A £1.6bn plan to repurpose Britain’s largest gas storage facility for undersea hydrogen storage has been backed by Redcar MP Jacob Young.
Located 19 miles off the East Yorkshire coast, a proposal to convert the huge Rough reservoir to store hydrogen – just as it did with gas – is being explored.
Bosses at Centrica Storage are asking the government to deliver a funding mechanism for the overhaul to help provide a solution for the intermittent nature of both production and demand, while creating 350 permanent jobs and protecting hundreds more.
Thousands could be supported in construction, with new platform, pipeline and wells required. It is envisaged that construction roles could peak at 1,000 at Easington and offshore, with a further 1,000 in the local area over a three-to-four-year period.
Jacob Young, Conservative MP for Redcar and chair of the APPG on Hydrogen, said: “This is a really exciting proposal – and it would be a world first. It was fantastic to join the Centrica team at the Rough Reservoir and I was very impressed with the potential for offshore hydrogen storage in the future.
“In every scenario, Hydrogen will play an increasingly important role as we move towards our net-zero future and the concept of repurposing this existing facility for storage makes a lot of sense.
“Last week the government launched its comprehensive Hydrogen Strategy to set the UK as a global leader in the Hydrogen economy, and a key theme of the strategy was Hydrogen networks and storage.
“A storage project at Rough, alongside Carbon Capture projects like Net Zero Teesside and Zero Carbon Humber, will demonstrate our ability along the East Coast to lead the world in decarbonisation.
“Utilising these soon to be redundant gas fields in the North Sea for both the storage of Hydrogen, and for Carbon capture will be key to us stepping away from our reliance on fossil fuels with a focus on a safer, cleaner and healthier future.”
Greg McKenna, chief executive of Centrica Storage , said: “We have some grand plans for Rough, subject to government backing. It is a £1.6 billion development, no-one is going to spend £1.6 billion if there isn’t some guaranteed return. We are looking for some government support model – it doesn’t need money to go into it. If we can get a regulated model from government, we are prepared to go ahead and convert.”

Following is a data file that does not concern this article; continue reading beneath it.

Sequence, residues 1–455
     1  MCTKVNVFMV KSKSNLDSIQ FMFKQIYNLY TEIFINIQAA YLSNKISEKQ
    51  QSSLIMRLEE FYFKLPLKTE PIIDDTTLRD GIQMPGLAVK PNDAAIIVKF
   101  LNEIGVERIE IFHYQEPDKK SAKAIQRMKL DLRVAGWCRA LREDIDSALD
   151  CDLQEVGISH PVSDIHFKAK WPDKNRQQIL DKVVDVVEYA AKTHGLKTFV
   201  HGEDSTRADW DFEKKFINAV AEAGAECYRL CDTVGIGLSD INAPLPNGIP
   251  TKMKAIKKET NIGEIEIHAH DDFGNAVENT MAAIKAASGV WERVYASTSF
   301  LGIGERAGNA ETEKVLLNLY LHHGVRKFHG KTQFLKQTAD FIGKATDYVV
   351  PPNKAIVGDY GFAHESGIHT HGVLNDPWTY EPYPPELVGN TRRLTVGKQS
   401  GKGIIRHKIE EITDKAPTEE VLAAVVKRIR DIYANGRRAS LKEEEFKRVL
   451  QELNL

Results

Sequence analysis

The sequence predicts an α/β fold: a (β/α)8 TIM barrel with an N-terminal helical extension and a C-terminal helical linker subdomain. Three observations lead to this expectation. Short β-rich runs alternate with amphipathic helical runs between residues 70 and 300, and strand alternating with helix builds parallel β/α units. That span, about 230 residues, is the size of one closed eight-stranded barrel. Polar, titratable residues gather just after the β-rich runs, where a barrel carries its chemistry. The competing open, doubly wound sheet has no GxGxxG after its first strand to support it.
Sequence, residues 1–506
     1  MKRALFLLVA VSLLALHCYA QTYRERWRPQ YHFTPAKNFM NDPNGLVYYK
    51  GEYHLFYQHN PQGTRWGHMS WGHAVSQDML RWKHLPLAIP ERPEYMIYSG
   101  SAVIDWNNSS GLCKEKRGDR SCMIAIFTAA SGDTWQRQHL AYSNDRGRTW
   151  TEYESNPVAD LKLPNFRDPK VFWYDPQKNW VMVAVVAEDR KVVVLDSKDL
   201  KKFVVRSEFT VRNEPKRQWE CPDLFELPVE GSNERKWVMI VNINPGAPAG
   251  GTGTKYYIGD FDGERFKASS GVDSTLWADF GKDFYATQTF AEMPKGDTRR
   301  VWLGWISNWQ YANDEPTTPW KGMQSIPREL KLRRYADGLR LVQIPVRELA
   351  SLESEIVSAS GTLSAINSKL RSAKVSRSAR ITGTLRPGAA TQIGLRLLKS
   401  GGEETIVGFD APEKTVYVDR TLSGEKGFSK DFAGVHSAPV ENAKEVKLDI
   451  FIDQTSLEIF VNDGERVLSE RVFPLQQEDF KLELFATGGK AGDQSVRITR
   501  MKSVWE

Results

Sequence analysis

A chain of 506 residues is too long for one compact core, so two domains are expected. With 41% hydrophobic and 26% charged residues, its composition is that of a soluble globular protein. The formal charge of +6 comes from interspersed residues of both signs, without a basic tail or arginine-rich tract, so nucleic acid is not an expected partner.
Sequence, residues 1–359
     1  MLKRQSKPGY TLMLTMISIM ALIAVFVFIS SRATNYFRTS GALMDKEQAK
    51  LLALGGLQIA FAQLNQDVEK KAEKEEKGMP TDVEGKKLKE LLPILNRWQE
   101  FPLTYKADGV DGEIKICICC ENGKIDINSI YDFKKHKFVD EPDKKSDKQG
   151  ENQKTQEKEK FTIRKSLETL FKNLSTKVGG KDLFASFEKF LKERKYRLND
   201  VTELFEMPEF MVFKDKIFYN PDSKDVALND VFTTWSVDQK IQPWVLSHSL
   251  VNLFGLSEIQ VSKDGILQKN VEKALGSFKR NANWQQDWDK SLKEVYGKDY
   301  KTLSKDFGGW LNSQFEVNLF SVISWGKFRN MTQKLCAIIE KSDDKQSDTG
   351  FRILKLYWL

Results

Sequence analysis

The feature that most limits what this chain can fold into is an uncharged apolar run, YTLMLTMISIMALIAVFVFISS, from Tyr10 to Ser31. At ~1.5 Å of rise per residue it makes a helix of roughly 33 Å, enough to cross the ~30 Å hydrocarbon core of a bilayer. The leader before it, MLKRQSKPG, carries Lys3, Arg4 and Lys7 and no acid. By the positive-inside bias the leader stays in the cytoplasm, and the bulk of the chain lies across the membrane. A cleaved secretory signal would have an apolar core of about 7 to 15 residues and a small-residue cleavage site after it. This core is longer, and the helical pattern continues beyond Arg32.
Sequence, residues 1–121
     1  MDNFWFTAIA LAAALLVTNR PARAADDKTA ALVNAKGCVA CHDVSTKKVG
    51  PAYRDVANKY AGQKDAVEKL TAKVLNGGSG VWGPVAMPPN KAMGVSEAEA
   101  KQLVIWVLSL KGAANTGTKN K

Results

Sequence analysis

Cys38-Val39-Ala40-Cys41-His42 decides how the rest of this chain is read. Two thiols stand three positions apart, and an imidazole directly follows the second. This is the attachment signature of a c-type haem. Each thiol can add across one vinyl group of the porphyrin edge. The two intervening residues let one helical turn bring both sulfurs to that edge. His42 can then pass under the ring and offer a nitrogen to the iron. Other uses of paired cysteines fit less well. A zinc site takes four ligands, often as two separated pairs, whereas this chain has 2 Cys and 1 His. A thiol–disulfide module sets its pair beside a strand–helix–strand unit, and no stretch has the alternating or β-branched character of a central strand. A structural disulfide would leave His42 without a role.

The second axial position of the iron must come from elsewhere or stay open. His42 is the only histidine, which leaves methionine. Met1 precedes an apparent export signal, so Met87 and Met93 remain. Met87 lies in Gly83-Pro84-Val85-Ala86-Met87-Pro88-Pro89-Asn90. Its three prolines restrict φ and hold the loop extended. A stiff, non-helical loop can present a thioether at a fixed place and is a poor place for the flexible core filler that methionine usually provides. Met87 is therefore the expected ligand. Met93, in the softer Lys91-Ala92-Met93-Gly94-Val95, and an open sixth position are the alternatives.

Rough’s storage element closed in 2017, with the infrastructure having survived beyond its initial design life. The other 50 per cent of the field is still producing natural gas, though it is anticipated to come to an end in February 2023.
“The plan was to shut it down, which is a real shame to lose jobs, but also, Rough is the jewel in the crown of such reservoirs,” Mr McKenna said.
“The great thing is how it just fits in with the whole strategy on the Humber, with H2H, a big hydrogen reformer there, all the wind farms sitting off the coast potentially producing hydrogen and the Gigastack project across the river in Lincolnshire too. There could be all this excess hydrogen and you have to put it somewhere.
“When you look at the region we are superbly placed for the whole hydrogen economy and decarbonisation. We have got some of the largest polluters in the region, responsible for a lot of the CO2 because we are an industrial hub – we produce steel, oil, all of which is large industrial processing. The fact we can produce hydrogen here, store hydrogen here, that will make a significant difference in reducing CO2 emissions in the UK.”
Flagging up the wider Zero Carbon Humber initiative, with carbon capture, and hydrogen-fuelled power proposed for both Triton at Saltend and SSE in Keadby, he said: “All these projects are ready to go, they just need the reassurance from government on how the market will work. If that reassurance is there we are talking billions and billions of infrastructure ready to go.”
Rough is described as the ‘Goldilocks’ of the sector as it meets requirements on temperature, size and proximity to land. Located 2.5 km below the seabed, the reservoir is 10km long, 3km wide and 100ft thick. Completely sealed by impervious stone, the sponge-like formation is 3,000 times the size of the Wembley pitch.
Of the work involved, Mr McKenna said: “We would re-use about half of the wells and one platform, with a new topside, and lay a new (pipe) line alongside the existing one.